China sending trade envoy to Washington for talks


"This kind of abuse of safeguard measures not only hurts the legitimate rights and interests of China, but also affects the seriousness and authority of WTO rules", the spokesperson said. If those fail, the case moves to a panel of experts who can decide whether the trade controls are improper.

Following that, Washington imposed its first round of 25 tariffs on $34 billion of Chinese goods on July 6 in response to complains Beijing steals or pressures foreign companies to hand over technology.

Both the safeguard and the subsidies "have seriously damaged China's trade interests", said the spokesperson, before adding: "We urge the USA to take concrete actions, respect the rules of the WTO, and abandon the wrong practices so that the relevant trade can be restored to normal track".

China responded two days later by proposing tariffs ranging from 5 percent to 25 percent on 5,207 USA goods worth 60 billion dollars. Beijing says it will retaliate.

According to a poll by Reuters, Chinese residents at the street level are largely unbothered by US President Trump's bluster and swapping of trade war rhetoric with China, though some mixed feelings on exactly how China should respond to the US. The president has also said the tariffs have been created to promote better trade deals.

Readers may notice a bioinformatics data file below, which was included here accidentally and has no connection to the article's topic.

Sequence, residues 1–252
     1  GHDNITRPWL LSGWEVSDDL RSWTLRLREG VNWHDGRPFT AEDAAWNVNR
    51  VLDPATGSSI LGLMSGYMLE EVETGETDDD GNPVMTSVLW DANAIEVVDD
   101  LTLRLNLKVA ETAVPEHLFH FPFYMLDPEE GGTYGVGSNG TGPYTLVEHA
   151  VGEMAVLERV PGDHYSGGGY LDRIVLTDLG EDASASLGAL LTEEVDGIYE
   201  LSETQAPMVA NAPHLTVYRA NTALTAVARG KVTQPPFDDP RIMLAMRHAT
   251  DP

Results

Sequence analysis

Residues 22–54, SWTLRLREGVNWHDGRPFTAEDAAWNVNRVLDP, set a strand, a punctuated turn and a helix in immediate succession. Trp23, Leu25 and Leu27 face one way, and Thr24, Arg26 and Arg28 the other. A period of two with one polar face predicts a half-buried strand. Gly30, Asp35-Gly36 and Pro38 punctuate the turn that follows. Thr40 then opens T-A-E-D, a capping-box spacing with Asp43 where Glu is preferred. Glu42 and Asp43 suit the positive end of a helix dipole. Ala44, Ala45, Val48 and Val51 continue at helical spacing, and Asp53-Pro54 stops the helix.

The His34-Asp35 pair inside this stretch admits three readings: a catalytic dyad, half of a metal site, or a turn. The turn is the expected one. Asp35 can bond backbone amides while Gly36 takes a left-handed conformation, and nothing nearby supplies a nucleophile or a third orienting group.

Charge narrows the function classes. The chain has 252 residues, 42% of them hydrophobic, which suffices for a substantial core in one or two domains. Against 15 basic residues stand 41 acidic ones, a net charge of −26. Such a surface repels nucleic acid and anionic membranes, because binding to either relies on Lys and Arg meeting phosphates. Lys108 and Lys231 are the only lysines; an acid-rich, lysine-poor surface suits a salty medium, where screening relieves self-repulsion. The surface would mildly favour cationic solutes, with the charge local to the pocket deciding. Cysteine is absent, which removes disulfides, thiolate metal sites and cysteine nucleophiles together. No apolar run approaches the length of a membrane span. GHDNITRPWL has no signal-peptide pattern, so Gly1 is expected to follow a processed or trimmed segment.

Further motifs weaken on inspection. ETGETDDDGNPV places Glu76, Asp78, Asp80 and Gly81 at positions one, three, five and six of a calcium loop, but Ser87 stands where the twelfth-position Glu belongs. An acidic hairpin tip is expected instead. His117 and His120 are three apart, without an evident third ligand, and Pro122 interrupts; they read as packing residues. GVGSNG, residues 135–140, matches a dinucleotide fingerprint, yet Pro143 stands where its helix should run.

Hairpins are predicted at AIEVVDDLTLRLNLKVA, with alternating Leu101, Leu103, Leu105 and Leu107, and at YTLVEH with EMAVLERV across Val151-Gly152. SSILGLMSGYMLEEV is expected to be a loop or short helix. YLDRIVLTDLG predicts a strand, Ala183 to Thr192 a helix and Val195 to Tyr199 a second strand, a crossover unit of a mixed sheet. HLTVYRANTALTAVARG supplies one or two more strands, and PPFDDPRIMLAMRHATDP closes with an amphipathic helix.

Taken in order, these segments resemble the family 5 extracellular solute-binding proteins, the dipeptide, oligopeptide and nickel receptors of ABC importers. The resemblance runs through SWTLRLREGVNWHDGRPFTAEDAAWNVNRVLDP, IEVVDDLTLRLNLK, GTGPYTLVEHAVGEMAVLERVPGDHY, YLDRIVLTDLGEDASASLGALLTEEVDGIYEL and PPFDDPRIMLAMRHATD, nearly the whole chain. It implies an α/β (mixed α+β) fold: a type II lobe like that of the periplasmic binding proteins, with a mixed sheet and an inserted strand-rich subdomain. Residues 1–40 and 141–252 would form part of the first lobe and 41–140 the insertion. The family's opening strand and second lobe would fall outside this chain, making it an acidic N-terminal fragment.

Fiscalía salvadoreña incauta propiedades de expresidente Saca
Solo por evasión y elusión de impuestos no llegan a las arcas del Estado unos 2.000 millones de dólares, casi la mitad de los Presupuestos de la Nación.

The Trump administration is due to impose similar increases on an additional $16 billion of Chinese imports on Tuesday.

The Trump team argues the tariffs are giving them leverage in trade negotiations and any short-term pain from the tariffs will eventually be worth it, but they are yet to see results. Trump announced earlier this year that he would impose global tariffs of 25% on imported steel and 10% on aluminum, citing national security concerns. So far, the Trump administration has declined to give China the label, saying that while China manipulated its currency in the past, that problem had dissipated for now. Neither deal has been finalized on paper yet, let alone signed by both sides.

The Trump administration is engaged in trade clashes on multiple fronts, as American negotiators seek to wrap up talks over the North American Free Trade Agreement with Canada and Mexico and hold additional talks with European and Japanese counterparts in coming months.

Information for this article was contributed by Joe McDonald of The Associated Press and by Heather Long of The Washington Post.